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Acquisition footprint suppression on 3D land surveysGreen Open Access

Authors: N. Gulunay, N. Benjamin and M. Magesan
Journal name: First Break
Issue: Vol 24, No 2, February 2006
Language: English
Info: Article, PDF ( 835.21Kb )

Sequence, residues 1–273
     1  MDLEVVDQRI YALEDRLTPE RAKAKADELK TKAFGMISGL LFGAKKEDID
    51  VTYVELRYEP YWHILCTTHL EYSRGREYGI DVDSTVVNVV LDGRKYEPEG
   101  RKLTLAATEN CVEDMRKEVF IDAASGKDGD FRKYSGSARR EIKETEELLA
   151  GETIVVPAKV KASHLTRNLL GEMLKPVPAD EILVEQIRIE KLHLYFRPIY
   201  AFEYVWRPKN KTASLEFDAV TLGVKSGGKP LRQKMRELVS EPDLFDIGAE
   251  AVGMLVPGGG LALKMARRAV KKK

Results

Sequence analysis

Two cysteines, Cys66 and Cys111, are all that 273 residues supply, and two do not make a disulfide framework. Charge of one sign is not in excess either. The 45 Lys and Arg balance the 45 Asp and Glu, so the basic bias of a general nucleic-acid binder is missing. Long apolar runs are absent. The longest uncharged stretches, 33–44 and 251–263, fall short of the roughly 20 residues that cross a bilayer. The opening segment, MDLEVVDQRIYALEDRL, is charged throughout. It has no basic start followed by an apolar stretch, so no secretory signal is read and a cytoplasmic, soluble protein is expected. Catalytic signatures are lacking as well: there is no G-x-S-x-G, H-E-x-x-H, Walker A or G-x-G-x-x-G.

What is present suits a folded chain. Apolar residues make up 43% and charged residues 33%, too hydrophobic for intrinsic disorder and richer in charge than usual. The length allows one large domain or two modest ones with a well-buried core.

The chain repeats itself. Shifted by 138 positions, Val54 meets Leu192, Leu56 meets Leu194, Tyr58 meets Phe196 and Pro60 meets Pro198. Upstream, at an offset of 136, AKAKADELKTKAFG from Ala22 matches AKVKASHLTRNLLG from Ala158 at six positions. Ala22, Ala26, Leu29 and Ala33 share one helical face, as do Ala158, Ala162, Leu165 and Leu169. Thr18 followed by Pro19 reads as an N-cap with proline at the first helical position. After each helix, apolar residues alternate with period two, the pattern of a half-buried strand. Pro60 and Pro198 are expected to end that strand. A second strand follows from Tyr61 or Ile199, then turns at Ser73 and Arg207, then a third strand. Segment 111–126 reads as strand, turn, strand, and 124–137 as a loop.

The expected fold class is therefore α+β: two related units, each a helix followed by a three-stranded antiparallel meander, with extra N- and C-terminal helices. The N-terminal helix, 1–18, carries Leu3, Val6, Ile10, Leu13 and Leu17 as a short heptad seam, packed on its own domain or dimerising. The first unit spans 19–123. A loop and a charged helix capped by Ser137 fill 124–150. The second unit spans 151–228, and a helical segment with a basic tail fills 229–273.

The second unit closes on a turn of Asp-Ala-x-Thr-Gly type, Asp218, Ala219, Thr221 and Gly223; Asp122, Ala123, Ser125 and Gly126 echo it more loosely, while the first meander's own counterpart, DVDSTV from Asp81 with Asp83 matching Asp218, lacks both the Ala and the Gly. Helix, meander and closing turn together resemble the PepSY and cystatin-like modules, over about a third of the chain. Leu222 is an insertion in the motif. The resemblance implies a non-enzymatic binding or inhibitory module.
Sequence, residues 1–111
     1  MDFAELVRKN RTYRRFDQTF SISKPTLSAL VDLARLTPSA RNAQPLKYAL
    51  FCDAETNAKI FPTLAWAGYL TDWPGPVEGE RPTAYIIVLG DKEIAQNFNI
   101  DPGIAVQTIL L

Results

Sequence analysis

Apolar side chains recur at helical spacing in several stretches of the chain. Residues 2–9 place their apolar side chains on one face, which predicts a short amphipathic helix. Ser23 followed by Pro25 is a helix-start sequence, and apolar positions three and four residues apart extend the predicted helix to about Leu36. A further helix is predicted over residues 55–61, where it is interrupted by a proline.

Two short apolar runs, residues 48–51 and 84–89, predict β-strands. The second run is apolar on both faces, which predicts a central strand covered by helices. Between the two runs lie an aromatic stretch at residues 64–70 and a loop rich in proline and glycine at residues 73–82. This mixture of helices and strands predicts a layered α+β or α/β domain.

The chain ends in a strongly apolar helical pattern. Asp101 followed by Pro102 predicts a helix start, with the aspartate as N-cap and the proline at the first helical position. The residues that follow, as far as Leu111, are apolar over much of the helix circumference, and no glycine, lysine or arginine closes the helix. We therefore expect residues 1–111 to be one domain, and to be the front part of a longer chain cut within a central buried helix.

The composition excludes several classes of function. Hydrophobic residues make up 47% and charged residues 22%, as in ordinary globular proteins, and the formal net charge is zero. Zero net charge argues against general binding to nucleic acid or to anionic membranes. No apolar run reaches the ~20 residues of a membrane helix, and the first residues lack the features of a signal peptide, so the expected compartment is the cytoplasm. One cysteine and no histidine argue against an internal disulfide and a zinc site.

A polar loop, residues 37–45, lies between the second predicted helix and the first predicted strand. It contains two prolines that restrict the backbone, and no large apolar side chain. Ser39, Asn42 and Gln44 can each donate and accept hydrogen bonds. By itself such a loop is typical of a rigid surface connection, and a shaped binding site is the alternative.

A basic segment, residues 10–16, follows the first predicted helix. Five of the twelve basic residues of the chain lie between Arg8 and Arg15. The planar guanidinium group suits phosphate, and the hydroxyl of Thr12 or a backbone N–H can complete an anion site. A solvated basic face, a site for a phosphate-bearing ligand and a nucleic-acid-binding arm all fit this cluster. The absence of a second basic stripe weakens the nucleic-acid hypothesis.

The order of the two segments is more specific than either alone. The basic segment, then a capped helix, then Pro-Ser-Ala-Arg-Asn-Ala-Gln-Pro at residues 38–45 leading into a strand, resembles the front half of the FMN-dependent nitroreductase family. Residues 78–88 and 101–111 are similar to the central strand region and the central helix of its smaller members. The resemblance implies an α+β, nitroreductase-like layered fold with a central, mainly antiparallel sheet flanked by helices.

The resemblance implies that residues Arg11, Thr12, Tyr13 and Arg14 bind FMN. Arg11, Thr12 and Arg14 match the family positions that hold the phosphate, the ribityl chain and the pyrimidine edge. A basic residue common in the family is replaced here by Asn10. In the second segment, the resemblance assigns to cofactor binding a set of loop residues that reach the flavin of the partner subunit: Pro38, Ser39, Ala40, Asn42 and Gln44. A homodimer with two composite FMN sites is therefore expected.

Necati Gulunay, Nigel Benjamin, and Mag Magesan of CGG discuss the acquisition geometry footprint that occurs on most 3D land surveys and a robust method to attenuate it. Acquisition geometry footprint on 3D land surveys manifests itself as striping on time slices of stack volumes with inline and crossline periods that coincide with the source and receiver line intervals of the acquisition geometry. Hill et al. (1999) give a detailed description and analysis of acquisition footprint. DMO volumes are also known to exhibit such artefacts. Schleicher et al. (1989) and Ronen (1994) address DMO artefacts caused by irregularities in the fold pattern. These artefacts on stack volumes (or DMO volumes) are sometimes described as ‘hatching’ or ‘chatter’ and they hinder accurate interpretation. This phenomenon is similar to the periodic artefacts that are observed along the inline (CDP) direction of 2D lines where patterns are due to the fact that the offset distribution within CDPs shows a periodicity proportional to the ratio of the source interval divided by the receiver interval. In 2D surveys, shot and receiver geometry and field arrays can be combined via the ‘stack array’ principle (Ansty, 1986; Morse et al., 1989) to attenuate such artefacts. It is well known that such artefacts in 2D can be reduced by alias handling trace interpolation as the source of the problem is the steeply dipping (aliased) energy formed from use of sparse recording geometries. In 3D land surveys, owing to large source and receiver line intervals, and due to the quest for small source and receiver arrays, it is not possible to apply the ‘stack array’ principle. Any multichannel process, whether it is stack, DMO, or migration, is prone to such artefacts. As interpolation is difficult or costly other means to attenuate such artefacts are required. The first published observations known to us of acquisition footprint problems on 3D volumes and a deterministic solution for their attenuation were made by Meunier et al. (1992) and Baixas et al. (1993). Shortly afterwards Gulunay et al. (1994) suggested a data-adaptive frequency-wavenumber domain notch filtering method that worked well for data with generally flat events. Gulunay (1999, 2000) later extended the method to dipping data by observing that the artefact shapes are frequency-invariant but that their location varies with frequency and follows the dip of each dominant event. Working in the frequency domain is not the only tool: Drummond et al. (2000) suggested the use of time slices and wavenumber domain deterministic notch filtering on those slices. However, because their time slice based filtering method was not data-adaptive and noise patterns can vary with time, they also suggested the use of adaptive subtraction of the noise. Geometry-driven deterministic time slice filtering of 3D data for footprint attenuation was later proposed by Soubaras (2002). Karagul et al. (2004) showed interesting results on a data set with complex structures using the Soubaras approach. Most recently, Al-Bannagi et al. (2004) proposed time slice singular value decomposition (SVD) filtering where footprint attenuation and random noise attenuation are performed in one step by selecting certain singular values. Seeing such prior publications one might naturally wonder what the pros and cons of working in time or frequency slices are, as they are not necessarily the same even when all the frequencies are filtered in the frequency domain method. One might also wonder if data-adaptive methods like the ones by Gulunay (1999, 2000) can handle complex field patterns or whether we should design deterministic filters for each separate study. Leaving the first question to future studies, Gulunay et al. (2005) have developed a frequency slice wavenumber notch filtering method, named FKF3D, with extensive user controls and some important QC capabilities, and have tested it on various data sets from the Middle East. In this paper we give an introduction to the underlying principles of the method and show some results on Middle East field data.

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